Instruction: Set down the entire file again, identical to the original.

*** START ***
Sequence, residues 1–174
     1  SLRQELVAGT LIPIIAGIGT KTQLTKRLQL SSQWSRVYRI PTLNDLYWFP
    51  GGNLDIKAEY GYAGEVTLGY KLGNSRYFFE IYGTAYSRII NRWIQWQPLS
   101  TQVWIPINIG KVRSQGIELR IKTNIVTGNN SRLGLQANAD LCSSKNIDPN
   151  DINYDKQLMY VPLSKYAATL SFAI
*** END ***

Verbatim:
Sequence, residues 1–174
     1  SLRQELVAGT LIPIIAGIGT KTQLTKRLQL SSQWSRVYRI PTLNDLYWFP
    51  GGNLDIKAEY GYAGEVTLGY KLGNSRYFFE IYGTAYSRII NRWIQWQPLS
   101  TQVWIPINIG KVRSQGIELR IKTNIVTGNN SRLGLQANAD LCSSKNIDPN
   151  DINYDKQLMY VPLSKYAATL SFAI